Less than two weeks after Lodsys began filing suit against iOS app developers on the grounds of patent violations, Apple has formally interjected itself into the legal mess by filing a motion to intervene in the proceedings. And according to FOSS Patents, which first reported Apple's decision to intervene, its hard to imagine why the court wouldn't grant Apple's motion to participate as an "intervenor."

The app developers whom Lodsys sued appear to be bound by a non-disclosure agreement (which makes sense), so they can't speak out on their current relationship with Apple. While I don't have any confirmation from anyone that Apple has agreed to cover those defendants' costs and potential risks, it's hard to imagine how else this could work.
While news of Apple's formal involvement is new, there's no mystery at all surrounding the nature of the company's legal defense. Apple has contended for weeks that Apple is, without a doubt, licensed to use the patents in question and that the app makers being targeted are also protected by that license.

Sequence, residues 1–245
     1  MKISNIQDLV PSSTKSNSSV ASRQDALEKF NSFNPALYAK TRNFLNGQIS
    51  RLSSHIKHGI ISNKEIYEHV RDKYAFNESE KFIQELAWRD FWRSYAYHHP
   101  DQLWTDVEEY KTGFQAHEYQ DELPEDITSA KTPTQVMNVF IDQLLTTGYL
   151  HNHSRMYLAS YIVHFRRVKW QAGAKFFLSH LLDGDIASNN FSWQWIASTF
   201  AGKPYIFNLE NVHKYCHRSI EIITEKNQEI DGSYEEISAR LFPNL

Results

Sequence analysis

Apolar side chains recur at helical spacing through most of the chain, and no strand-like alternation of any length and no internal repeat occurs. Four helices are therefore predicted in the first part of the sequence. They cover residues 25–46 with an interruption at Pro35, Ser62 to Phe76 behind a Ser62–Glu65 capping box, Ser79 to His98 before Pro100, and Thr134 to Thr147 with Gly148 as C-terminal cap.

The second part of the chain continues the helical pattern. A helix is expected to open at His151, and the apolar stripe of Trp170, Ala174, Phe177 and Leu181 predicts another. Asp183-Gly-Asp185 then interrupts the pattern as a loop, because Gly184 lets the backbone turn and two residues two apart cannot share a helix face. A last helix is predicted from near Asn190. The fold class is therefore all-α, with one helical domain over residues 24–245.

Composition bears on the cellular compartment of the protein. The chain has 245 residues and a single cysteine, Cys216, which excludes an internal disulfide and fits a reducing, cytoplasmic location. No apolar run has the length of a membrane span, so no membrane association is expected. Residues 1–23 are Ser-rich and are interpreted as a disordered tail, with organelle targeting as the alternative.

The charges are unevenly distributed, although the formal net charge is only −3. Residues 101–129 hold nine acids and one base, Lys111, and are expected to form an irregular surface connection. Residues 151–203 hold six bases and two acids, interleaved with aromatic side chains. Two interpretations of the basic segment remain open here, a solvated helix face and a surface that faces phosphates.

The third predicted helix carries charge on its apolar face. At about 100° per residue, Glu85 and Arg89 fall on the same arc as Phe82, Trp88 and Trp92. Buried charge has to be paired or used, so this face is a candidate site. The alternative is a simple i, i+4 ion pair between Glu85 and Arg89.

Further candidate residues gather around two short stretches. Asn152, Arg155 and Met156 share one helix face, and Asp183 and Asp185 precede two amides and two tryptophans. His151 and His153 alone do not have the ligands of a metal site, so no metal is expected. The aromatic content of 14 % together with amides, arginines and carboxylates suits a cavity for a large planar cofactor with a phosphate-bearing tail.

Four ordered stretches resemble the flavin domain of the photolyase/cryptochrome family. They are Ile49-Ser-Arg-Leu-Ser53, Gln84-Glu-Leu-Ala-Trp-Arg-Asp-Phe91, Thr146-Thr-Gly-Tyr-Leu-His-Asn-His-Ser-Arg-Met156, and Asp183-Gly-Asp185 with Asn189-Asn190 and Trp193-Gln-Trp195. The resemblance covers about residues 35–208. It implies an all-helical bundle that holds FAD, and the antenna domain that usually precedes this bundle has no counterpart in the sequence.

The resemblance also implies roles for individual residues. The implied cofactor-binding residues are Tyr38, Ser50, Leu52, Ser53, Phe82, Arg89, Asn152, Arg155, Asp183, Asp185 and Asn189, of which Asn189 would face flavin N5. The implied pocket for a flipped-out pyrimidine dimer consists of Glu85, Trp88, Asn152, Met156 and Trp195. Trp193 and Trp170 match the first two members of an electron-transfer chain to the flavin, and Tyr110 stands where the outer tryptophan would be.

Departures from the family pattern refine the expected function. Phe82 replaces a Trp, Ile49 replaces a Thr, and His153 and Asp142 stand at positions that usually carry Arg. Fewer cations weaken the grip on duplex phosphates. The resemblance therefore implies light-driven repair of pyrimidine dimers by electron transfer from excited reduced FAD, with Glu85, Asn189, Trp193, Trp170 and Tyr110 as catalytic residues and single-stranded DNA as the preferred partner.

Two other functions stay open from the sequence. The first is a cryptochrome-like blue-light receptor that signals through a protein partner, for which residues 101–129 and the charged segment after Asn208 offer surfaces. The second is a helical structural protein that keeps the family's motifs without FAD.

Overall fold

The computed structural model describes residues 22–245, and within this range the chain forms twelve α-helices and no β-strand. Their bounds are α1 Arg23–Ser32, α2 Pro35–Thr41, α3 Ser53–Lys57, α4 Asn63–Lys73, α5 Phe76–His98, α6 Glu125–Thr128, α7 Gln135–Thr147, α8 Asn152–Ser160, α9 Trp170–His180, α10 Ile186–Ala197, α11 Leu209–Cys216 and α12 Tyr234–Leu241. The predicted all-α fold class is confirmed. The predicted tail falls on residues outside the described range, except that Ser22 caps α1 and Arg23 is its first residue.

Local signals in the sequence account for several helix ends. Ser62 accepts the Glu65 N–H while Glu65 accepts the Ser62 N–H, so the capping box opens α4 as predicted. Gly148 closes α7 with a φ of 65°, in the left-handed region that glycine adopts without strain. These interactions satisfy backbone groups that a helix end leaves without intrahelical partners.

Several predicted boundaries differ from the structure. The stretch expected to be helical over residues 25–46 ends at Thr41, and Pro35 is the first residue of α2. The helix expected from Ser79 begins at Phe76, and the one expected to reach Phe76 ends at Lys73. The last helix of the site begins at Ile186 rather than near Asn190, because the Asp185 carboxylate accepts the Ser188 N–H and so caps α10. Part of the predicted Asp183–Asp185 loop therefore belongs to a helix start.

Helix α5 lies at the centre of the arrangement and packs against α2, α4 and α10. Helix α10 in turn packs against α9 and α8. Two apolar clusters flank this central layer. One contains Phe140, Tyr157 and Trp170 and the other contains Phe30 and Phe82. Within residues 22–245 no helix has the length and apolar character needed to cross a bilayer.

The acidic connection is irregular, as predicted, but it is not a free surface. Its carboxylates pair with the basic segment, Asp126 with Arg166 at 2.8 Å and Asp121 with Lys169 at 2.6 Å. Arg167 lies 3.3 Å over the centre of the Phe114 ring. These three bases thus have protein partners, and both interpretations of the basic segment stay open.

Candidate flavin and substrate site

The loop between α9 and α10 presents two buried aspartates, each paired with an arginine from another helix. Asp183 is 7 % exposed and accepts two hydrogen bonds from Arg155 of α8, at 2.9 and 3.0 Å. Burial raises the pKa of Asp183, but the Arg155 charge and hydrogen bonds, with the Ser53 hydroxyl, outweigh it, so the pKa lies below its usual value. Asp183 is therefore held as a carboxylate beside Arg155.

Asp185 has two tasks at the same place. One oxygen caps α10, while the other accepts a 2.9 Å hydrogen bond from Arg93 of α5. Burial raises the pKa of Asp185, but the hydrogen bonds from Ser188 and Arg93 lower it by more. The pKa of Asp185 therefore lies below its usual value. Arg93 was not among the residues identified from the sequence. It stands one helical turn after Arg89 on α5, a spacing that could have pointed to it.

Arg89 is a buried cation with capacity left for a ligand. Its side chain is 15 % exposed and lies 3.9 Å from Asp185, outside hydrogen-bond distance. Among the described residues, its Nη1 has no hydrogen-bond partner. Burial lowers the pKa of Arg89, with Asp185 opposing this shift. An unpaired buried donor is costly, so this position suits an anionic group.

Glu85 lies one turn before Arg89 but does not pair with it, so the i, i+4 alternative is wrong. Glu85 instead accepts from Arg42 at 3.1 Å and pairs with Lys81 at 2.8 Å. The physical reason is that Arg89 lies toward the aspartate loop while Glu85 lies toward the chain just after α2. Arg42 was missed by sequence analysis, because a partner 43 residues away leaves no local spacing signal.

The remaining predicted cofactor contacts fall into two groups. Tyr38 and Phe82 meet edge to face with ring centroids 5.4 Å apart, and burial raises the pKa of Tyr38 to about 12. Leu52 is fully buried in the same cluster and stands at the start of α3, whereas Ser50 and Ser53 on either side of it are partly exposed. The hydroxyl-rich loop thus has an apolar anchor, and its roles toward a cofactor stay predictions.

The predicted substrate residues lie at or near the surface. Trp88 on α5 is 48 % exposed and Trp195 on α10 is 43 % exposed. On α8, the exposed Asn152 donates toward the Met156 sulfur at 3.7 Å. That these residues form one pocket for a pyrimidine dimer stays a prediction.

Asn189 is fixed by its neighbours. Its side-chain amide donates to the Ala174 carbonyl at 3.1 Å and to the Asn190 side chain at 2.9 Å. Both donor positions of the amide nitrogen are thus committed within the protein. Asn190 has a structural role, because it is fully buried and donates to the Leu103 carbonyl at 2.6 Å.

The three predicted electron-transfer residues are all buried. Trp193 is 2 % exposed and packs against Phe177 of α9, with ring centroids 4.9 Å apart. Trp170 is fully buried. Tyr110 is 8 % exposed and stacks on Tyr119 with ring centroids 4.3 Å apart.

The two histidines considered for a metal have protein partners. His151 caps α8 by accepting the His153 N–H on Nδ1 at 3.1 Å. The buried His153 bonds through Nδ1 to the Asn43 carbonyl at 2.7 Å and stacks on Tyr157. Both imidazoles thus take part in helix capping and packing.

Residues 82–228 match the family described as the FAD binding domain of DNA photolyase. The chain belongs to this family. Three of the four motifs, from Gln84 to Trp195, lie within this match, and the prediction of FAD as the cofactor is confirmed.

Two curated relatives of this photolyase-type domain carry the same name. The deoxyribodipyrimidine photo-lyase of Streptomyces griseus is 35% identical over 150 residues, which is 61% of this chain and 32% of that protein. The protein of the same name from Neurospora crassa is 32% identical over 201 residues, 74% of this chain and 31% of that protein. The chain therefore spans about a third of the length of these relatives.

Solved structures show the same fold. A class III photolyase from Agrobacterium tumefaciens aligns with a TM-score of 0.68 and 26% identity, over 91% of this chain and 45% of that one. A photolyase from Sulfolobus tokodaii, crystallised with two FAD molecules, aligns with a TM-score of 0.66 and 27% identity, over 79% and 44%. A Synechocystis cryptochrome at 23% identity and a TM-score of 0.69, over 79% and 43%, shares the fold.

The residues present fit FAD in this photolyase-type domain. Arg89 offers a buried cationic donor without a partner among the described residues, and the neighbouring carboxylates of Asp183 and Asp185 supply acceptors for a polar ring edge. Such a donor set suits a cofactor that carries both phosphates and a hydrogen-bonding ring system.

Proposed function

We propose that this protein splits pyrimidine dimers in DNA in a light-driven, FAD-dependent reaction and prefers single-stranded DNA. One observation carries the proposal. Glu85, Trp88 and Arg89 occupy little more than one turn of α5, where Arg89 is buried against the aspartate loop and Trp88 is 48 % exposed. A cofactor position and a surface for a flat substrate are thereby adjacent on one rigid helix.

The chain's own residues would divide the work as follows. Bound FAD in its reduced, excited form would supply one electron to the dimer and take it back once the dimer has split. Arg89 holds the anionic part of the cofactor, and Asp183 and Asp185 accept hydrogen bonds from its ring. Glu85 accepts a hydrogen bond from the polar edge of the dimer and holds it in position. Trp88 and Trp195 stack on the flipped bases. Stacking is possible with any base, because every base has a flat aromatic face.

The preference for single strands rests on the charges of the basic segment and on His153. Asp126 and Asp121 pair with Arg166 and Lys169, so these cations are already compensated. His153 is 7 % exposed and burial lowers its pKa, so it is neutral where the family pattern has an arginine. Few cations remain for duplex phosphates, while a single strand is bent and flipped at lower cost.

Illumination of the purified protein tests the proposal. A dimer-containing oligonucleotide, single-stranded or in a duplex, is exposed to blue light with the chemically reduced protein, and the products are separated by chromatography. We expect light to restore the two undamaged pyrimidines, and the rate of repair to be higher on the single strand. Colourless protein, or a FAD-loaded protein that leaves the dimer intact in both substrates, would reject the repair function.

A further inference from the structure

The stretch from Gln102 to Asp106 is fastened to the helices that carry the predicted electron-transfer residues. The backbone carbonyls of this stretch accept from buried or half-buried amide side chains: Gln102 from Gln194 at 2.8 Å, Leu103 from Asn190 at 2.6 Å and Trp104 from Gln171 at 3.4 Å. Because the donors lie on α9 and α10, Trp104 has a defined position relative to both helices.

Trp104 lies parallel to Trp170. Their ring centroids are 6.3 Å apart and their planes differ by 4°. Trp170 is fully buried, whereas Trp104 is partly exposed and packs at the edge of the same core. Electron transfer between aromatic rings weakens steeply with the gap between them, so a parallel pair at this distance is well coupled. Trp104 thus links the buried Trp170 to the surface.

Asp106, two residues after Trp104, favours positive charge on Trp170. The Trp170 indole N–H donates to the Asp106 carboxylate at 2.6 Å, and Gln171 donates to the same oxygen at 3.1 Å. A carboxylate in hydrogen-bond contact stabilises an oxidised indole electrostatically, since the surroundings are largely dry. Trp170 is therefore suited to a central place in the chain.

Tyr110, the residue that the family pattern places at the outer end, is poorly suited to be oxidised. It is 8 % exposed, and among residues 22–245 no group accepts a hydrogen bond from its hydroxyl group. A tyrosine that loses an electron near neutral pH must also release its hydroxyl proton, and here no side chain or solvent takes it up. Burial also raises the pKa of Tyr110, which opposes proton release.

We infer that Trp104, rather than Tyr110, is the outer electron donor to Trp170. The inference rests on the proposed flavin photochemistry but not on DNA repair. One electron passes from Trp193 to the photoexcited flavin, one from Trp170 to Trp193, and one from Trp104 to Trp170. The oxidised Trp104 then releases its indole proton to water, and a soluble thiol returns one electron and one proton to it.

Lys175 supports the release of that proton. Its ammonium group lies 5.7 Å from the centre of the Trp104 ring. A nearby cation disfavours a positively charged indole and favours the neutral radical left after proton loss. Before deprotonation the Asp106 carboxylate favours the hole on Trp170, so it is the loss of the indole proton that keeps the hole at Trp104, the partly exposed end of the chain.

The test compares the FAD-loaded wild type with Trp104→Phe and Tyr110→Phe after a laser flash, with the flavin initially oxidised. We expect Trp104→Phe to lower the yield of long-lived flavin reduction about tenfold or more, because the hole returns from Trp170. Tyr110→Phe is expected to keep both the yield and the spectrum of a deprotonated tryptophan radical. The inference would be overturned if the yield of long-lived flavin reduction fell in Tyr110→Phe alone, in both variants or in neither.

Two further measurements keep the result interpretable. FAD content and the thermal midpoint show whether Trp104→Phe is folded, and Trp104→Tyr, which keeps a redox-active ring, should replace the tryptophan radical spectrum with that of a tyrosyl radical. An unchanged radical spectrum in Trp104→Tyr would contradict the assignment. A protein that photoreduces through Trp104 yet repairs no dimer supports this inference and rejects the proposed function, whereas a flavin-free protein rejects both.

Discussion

Clearly, the dev community is somewhat pacified by the fact that Apple is putting some muscle where its mouth is. The thought of leaving iOS developers to fend for themselves against Lodsys would not have rested well with developers - both those involved and not involved in this witch hunt by Lodsys.

Apple, however, isn't the only heavy-hitter to fight back. Earlier this week, MMi reported that a Michigan company named ForeSee Results Inc. has filed a "declaratory judgment suit" against Lodsys' four patents with the U.S. District Court for the Northern District of Illinois. The company wants to challenge the validity of the very patents Lodsys is referencing it its patent violation assertions against app developers.

Source: Foss Patents